Aurora Maintenance Site Goes the Extra Mile for Safety
The crew at the Illinois Tollway’s Aurora (M-8) maintenance facility doesn’t start each day with a morning meeting; they call it “church” because it’s where they preach about the importance of safety.
“We call it ‘church,’ but it’s more like a pre-game pep talk for our team,” says M-8 Manager Brian Fuqua, a former high school football and wrestling coach. “We try to make them feel good before they go out, make sure they have their heads in the game.”
Fuqua preaches the importance of taking ownership, being prepared and having fun while making it a priority to keep their section of the Reagan Memorial Tollway (I-88), from Sugar Grove to Oak Brook, safe and clean for Illinois Tollway customers.
Fuqua takes great pride that others notice how clean the roadway is, but really appreciates when his staff says, “Our section is looking really good.” It shows they have bought in to his philosophy of taking ownership.
It’s this doctrine of ownership that helped M-8 earn the 2021 Go the Extra Mile for Safety Award. The annual safety performance award is presented to one of the Tollway’s 12 maintenance facilities that achieves the highest cumulative score based on three safety criteria: incident rate, Toolbox Safety Talks and positive feedback from managers and supervisors who observe and document outstanding safety practices.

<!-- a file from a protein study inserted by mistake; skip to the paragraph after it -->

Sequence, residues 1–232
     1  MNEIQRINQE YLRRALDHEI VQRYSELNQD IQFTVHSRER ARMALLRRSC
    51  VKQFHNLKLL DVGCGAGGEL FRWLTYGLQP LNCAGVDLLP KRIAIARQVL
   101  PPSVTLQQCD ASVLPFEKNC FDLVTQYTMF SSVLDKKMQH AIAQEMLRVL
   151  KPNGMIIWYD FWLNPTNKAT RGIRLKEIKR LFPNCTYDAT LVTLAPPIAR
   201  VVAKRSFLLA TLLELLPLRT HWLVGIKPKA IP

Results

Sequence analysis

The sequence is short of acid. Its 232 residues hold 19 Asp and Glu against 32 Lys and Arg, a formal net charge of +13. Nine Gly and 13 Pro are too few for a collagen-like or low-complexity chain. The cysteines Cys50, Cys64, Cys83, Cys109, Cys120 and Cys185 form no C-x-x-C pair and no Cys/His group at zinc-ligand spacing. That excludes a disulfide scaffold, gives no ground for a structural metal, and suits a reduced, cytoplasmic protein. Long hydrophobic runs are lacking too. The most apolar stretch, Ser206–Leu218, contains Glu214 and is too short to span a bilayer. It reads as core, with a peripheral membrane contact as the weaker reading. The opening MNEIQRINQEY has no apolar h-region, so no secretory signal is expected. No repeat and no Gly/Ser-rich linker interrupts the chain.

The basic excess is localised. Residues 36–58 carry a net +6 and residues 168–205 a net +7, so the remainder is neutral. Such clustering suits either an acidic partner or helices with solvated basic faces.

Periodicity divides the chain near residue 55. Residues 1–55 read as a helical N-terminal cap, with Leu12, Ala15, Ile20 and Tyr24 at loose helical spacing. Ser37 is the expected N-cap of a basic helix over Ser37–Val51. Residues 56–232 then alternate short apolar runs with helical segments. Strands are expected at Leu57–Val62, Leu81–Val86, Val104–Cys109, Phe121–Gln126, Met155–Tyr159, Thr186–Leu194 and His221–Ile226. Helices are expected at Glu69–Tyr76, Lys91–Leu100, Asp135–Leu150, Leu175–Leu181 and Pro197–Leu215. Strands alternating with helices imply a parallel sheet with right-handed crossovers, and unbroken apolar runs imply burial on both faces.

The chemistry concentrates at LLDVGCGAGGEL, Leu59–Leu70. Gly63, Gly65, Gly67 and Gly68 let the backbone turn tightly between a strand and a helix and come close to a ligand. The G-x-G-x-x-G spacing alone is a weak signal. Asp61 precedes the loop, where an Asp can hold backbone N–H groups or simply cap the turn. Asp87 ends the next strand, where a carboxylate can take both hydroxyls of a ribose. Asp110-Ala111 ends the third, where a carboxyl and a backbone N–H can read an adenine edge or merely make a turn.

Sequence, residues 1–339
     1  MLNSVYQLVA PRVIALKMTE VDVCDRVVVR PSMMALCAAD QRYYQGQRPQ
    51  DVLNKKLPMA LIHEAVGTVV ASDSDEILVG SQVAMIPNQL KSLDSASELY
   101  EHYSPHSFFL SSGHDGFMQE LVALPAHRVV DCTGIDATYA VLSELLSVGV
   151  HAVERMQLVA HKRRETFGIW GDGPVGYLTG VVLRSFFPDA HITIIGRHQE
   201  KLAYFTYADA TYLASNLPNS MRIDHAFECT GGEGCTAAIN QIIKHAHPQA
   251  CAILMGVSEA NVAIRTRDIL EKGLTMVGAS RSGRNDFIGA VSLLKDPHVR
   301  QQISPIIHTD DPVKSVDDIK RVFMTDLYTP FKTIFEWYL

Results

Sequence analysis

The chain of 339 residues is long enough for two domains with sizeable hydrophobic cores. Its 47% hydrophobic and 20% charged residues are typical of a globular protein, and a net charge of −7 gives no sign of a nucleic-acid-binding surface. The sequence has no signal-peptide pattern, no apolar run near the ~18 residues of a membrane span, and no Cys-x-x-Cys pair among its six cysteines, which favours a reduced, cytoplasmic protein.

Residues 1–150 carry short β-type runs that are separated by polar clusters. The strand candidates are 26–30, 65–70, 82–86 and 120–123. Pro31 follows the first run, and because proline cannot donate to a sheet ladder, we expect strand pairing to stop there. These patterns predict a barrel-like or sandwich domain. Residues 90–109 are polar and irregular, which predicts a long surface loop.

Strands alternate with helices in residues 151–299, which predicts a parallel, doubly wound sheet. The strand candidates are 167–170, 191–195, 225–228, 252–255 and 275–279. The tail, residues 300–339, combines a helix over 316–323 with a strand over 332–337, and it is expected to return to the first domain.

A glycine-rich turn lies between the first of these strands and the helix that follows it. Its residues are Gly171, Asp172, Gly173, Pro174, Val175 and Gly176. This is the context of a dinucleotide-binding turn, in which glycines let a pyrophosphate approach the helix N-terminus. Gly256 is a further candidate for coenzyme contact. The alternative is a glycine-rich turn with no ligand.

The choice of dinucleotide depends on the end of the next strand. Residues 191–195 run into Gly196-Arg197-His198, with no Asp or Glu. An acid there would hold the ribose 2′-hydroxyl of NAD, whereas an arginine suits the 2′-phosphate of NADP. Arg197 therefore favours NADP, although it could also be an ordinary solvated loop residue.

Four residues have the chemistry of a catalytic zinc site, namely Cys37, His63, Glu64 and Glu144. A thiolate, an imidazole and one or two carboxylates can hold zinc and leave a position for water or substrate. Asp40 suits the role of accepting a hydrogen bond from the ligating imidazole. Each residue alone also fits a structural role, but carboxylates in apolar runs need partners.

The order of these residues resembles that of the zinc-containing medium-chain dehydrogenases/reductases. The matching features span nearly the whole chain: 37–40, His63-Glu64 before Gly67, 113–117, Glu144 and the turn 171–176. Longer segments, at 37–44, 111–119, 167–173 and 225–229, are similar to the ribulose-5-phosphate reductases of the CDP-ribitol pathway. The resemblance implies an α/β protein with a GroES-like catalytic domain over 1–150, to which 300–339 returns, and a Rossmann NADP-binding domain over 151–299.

M-8 was one of three maintenance facilities that went through the year without a single injury, joining Marengo (M-6) and Bensenville (M-16) in achieving that feat for the first time in the Tollway’s history. But what put M-8 over the top was that this team conducted 75 Toolbox Safety Talks, more than twice the required number of 36 talks and a dozen more than the maintenance facility with the next highest number of Toolbox Safety Talks.
Toolbox Safety Talks are training resources available to maintenance facilities. Each month, the Tollway safety department recommends three safety topics for discussion. Topics include the three-contact rule for entering or exiting vehicles, back safety and proper equipment and materials handling. It also includes watching and discussing the Protect Your Assets series of safety videos, which cover topics including roadway debris removal, proper lifting techniques and moving equipment.
Last year, M-8 started conducting training sessions every Friday as a matter of course to cover the operation and maintenance of various tools and equipment, as well as situations maintenance crews might encounter on the roadway. Everyone is encouraged to provide input and ask questions that might lead to new and better ways of doing things.
Fuqua says that training was emphasized to keep workers safe doing a wide variety of work, usually in close proximity to live traffic, and most of the 22 maintenance workers at M-8 also have fewer than three years experience. Much of the work maintenance crews do is out on the road – helping to clear incidents, removing debris and plowing snow. They also mow grass, fill potholes, clear drainage structures, repair electrical equipment and fix guardrails. They work with chainsaws, wood chippers, lawnmowers, jackhammers, concrete saws and blow torches.
Interim Executive Director Lanyea Griffin called in via Zoom to congratulate the M-8 team. Griffin was among several Tollway leaders who participated in an awards celebration on May 3 to recognize the safety achievements at the Aurora maintenance facility led by Fuqua and Supervisor Michael Altobelli and present the traveling trophy.
“I hope this trophy serves as a constant reminder that your work and your efforts to create and maintain a safe work environment are recognized and appreciated,” said Griffin.